Mr. Gibson's Neighbours

Molly grew up among these quiet people in calm monotony of life, without any greater event than that which has been recorded—the being left behind at the Towers—until she was nearly seventeen. She had become a visitor at the school, but she had never gone again to the annual festival at the great house; it was easy to find some excuse for keeping away, and the recollection of that day was not a pleasant one on the whole, though she often thought how much she should like to see the gardens again.

Lady Agnes was married; there was only Lady Harriet remaining at home; Lord Hollingford, the eldest son, had lost his wife, and was a good deal more at the Towers since he had become a widower. He was a tall, ungainly man, considered to be as proud as his mother, the countess; but, in fact, he was only shy, and slow at making commonplace speeches. He did not know what to say to people whose daily habits and interests were not the same as his; he would have been very thankful for a hand-book of small-talk, and would have learnt off his sentences with good-humoured diligence. He often envied the fluency of his garrulous father, who delighted in talking to everybody, and was perfectly unconscious of the incoherence of his conversation. But, owing to his constitutional reserve and shyness, Lord Hollingford was not a popular man, although his kindness of heart was very great, his simplicity of character extreme, and his scientific acquirements considerable enough to entitle him to much reputation in the European republic of learned men. In this respect Hollingford was proud of him. The inhabitants knew that the great, grave, clumsy heir to its fealty was highly esteemed for his wisdom; and that he had made one or two discoveries, though in what direction they were not quite sure. But it was safe to point him out to strangers visiting the little town, as “That’s Lord Hollingford—the famous Lord Hollingford, you know; you must have heard of him, he is so scientific.” If the strangers knew his name, they also knew his claims to fame; if they did not, ten to one but they would appear as if they did, and so conceal not only their own ignorance, but that of their companions, as to the exact nature of the sources of his reputation.

He was left a widower with two or three boys. They were at a public school; so that their companionship could make the house in which he had passed his married life but little of a home to him, and he consequently spent much of his time at the Towers; where his mother was proud of him, and his father very fond, but ever so little afraid of him. His friends were always welcomed by Lord and Lady Cumnor; the former, indeed, was in the habit of welcoming everybody everywhere; but it was a proof of Lady Cumnor’s real affection for her distinguished son, that she allowed him to ask what she called “all sorts of people” to the Towers. “All sorts of people” meant really those who were distinguished for science and learning, without regard to rank; and, it must be confessed, without much regard to polished manners likewise.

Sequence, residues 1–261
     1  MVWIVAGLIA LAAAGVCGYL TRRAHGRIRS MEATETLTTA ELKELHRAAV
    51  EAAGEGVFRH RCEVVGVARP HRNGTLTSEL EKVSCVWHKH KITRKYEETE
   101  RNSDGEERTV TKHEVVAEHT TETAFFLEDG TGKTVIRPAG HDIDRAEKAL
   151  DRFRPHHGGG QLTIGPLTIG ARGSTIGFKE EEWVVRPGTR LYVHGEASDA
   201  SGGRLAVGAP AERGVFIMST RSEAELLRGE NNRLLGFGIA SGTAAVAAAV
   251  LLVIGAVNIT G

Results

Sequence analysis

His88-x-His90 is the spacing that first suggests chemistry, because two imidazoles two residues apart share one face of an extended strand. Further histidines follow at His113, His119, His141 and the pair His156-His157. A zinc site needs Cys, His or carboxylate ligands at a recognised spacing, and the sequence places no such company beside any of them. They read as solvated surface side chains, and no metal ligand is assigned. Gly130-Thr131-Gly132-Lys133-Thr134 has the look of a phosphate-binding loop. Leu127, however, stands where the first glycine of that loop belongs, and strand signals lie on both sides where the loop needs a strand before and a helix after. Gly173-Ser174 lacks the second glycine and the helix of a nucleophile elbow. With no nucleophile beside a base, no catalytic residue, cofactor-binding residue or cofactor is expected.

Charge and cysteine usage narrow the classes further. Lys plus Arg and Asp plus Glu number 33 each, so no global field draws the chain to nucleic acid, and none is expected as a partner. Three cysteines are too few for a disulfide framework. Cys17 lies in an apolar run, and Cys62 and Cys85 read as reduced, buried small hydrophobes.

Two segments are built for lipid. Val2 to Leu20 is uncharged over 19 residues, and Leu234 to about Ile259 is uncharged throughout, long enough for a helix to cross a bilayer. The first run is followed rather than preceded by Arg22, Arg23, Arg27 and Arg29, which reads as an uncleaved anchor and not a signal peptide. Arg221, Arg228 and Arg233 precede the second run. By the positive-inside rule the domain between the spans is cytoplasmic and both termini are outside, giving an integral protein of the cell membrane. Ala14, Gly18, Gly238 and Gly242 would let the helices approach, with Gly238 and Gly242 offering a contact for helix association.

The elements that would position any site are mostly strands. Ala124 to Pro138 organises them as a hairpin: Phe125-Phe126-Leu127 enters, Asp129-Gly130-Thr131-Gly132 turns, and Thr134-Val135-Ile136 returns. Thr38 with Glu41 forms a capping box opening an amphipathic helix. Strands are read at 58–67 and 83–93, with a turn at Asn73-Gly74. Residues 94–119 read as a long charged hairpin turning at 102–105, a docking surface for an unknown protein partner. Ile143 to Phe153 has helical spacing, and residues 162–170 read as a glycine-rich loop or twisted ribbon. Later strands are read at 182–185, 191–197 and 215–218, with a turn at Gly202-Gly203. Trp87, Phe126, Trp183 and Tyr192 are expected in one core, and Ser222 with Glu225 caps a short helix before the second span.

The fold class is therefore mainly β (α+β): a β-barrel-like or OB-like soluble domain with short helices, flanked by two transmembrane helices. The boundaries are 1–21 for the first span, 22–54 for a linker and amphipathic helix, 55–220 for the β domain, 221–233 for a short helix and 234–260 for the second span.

Mr. Hall, Mr. Gibson’s predecessor, had always been received with friendly condescension by my lady, who had found him established as the family medical man, when first she came to the Towers on her marriage; but she never thought of interfering with his custom of taking his meals, if he needed refreshment, in the housekeeper’s room, not with the housekeeper, bien entendu. The comfortable, clever, stout. and red-faced doctor would very much have preferred this, even if he had had the choice given him (which he never had) of taking his “snack,” as he called it, with my lord and my lady, in the grand dining- room. Of course, if some great surgical gun (like Sir Astley) was brought down from London to bear on the family’s health, it was due to him, as well as to the local medical attendant, to ask Mr. Hall to dinner, in a formal ceremonious manner; on which occasion Mr. Hall buried his chin in voluminous folds of white muslin, put on his knee-breeches, with bunches of ribbon at the sides, his silk stockings and buckled shoes, and otherwise made himself excessively uncomfortable in his attire, and went forth in state in a post-chaise from the “Cumnor Arms,” consoling himself in the private corner of his heart for the discomfort he was enduring with the idea of how well it would sound the next day in the ears of the squires whom he was in the habit of attending: “Yesterday at dinner the earl said,” or “the countess remarked,” or “I was surprised to hear when I was dining at the Towers yesterday.” But somehow things had changed since Mr. Gibson had become “the doctor” par excellence at Hollingford. Miss Brownings thought that it was because he had such an elegant figure, and “such a distinguished manner;” Mrs. Goodenough, “because of his aristocratic connections”—“the son of a Scotch duke, my dear, never mind on which side of the blanket.” But the fact was certain; although he might frequently ask Mrs. Brown to give him something to eat in the housekeeper’s room—he had no time for all the fuss and ceremony of

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